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These stocks and ETFs could be the biggest beneficiaries of the infrastructure bill

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These could be the biggest beneficiaries of the infrastructure bill, traders say

Infrastructure stocks took off late this week as a bill backed by President Joe Biden cleared another key hurdle.

Late Wednesday, the Senate voted to advance the infrastructure bill, which includes $550 billion in new spending for such projects as moving the country to clean energy reliance, building roads and rails and expanding internet access.

The PAVE ETF, whose stocks include Deere and Union Pacific, rose more than 1% on Thursday on the heels of that progress.

While the bill has a way to go with the details still unknown, any influx of spending could have an outsized impact on industrials, materials and utilities stocks. CNBC's "Trading Nation" asked its traders on Thursday about what companies they see as key beneficiaries.

"There's a lot of ways to play this," said Gina Sanchez, CEO of Chantico Global and chief market strategist at Lido Advisors. She pointed to the PAVE or IFRA infrastructure ETFs as two broad ways to gain exposure.

But her favorite way to play the space is through the materials sector.

"They have been putting one foot in front of the other to the tune of over 30% this year, and so you could play the broad materials ETF or you could play specific names like BHP Billiton or Cleveland-Cliffs. ...These are steel names, and you need steel, you need aggregates, Vulcan Materials, and so those are the kinds of names that we're looking at right now to sort of really get ahead of this trade," she said.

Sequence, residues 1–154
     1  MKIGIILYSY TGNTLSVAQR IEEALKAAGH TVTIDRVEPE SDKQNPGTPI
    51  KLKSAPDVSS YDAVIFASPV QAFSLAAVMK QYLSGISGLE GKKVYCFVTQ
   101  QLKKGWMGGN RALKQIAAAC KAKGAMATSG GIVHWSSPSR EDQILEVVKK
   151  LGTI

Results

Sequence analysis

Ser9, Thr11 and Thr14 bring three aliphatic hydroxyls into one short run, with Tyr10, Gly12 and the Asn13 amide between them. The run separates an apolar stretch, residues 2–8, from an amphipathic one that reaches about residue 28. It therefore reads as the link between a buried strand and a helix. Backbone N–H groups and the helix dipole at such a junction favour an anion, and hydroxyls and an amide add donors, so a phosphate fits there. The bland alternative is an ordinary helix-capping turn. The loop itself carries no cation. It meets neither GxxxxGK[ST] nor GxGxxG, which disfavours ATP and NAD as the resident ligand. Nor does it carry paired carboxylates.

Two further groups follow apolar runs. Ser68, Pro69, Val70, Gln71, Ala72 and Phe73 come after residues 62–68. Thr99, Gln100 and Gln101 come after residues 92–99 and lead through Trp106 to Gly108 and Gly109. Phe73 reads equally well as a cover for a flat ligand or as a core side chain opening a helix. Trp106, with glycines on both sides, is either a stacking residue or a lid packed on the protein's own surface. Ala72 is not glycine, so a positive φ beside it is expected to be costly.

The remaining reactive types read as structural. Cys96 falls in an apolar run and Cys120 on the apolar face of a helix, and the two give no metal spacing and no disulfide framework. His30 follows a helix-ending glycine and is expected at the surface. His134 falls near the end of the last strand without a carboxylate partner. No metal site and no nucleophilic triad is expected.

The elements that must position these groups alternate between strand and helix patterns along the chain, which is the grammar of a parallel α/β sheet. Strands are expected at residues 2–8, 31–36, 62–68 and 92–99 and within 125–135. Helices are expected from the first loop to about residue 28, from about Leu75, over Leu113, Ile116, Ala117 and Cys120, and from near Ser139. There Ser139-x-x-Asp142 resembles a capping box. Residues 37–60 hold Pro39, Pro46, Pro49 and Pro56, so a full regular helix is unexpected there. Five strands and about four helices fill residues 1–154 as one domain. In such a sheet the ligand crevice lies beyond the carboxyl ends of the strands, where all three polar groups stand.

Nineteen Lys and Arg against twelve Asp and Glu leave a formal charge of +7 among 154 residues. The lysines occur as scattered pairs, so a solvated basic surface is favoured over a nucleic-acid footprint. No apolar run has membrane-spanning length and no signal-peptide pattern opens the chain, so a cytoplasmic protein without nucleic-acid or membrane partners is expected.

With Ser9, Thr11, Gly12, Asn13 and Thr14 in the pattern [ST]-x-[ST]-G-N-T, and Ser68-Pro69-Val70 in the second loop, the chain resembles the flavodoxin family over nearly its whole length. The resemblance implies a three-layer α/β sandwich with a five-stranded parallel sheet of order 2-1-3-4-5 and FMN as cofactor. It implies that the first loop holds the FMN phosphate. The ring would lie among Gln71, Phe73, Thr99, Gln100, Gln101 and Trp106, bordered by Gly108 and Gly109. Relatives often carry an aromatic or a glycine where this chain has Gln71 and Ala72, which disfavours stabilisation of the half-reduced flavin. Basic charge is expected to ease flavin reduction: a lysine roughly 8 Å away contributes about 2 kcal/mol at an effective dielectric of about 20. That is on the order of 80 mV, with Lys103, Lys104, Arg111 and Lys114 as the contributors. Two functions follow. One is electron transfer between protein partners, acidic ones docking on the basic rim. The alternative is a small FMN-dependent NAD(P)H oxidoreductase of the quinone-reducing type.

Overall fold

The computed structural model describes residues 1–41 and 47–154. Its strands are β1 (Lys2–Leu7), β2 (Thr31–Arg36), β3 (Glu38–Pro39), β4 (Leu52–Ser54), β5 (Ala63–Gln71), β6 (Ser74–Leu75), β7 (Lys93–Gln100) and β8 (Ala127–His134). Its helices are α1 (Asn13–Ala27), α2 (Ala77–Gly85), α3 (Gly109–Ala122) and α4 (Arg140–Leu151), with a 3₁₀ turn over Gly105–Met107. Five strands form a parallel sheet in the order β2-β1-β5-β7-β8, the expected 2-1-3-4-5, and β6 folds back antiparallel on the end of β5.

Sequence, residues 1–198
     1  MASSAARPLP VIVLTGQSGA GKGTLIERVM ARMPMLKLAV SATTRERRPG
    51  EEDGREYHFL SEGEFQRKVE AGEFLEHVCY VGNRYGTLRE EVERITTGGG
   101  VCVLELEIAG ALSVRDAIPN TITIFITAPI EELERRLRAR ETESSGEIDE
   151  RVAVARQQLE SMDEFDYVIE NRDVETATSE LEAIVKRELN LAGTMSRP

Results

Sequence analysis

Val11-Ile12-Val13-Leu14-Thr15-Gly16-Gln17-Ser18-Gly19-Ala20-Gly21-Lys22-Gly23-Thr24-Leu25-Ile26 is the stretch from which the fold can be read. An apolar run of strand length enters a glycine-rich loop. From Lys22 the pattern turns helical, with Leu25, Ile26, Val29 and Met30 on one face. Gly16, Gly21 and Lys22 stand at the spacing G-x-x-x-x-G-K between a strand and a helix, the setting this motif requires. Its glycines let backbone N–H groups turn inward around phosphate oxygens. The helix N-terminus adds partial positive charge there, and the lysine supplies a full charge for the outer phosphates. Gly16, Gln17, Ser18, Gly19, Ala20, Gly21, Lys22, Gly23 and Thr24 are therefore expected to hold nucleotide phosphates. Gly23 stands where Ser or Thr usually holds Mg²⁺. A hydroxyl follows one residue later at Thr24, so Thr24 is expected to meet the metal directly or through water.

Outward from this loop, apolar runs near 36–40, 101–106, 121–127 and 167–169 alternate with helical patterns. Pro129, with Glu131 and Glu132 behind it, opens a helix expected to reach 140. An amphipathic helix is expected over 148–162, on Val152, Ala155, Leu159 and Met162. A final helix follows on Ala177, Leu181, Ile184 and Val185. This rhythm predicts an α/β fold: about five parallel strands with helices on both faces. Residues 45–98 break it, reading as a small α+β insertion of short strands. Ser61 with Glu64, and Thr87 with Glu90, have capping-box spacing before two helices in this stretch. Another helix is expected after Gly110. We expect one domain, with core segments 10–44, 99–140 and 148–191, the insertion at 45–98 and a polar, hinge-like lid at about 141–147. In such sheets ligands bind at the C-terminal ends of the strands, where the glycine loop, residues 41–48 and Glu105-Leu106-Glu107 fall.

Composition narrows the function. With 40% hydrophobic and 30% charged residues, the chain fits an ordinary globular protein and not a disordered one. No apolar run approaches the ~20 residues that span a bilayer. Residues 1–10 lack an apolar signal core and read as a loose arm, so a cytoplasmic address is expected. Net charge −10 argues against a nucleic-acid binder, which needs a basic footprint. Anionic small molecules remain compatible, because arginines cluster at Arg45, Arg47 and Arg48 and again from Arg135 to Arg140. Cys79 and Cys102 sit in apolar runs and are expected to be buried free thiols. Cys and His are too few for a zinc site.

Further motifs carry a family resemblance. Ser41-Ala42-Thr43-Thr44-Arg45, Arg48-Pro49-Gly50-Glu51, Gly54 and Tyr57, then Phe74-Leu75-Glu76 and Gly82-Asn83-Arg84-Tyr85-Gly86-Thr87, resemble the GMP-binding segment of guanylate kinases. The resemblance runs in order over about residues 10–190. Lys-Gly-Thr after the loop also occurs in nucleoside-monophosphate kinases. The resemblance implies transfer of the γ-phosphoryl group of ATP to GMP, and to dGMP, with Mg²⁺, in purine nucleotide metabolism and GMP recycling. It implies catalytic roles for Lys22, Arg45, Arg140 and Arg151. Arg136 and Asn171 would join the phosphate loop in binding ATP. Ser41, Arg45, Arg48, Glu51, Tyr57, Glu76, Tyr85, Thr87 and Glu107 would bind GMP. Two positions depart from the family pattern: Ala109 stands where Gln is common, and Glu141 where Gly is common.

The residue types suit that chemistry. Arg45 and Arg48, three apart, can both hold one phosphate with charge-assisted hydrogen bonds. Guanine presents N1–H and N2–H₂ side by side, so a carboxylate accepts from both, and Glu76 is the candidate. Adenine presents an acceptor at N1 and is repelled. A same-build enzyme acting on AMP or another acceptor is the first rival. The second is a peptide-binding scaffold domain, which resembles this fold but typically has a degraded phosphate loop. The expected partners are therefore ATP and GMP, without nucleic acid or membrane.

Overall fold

JC O'Hara, chief market technician at MKM Partners, said "follow the money" by investing in the areas where the most funds are earmarked within the bill.

"We found two key segments that we want to explore further — first, power infrastructure. A big portion of money is allocated to this, so you have to look at utilities, and the second portion is water. We have $50 billion for water infrastructure proposed at this time, another $55 billion for replacing all the country's lead pipes, so that's a big chunk of this bill," O'Hara said.

There's one name in particular that stands out to O'Hara — American Water Works, a $31 billion utilities company that has gained 11% in July.

"If you look at the chart, there has been strong accumulation over the last 12 months. This week, the utilities are breaking out to new highs, so technically very sound. And finally, this utility sports a decent dividend yield in line with the U.S. 10-year, but what we like about this is the dividend growth growing at 10% a year," said O'Hara.

American Water yields 1.4%, slightly better than the S&P 500. The stock has underperformed the S&P 500 this year, but has picked up steam in the past month.

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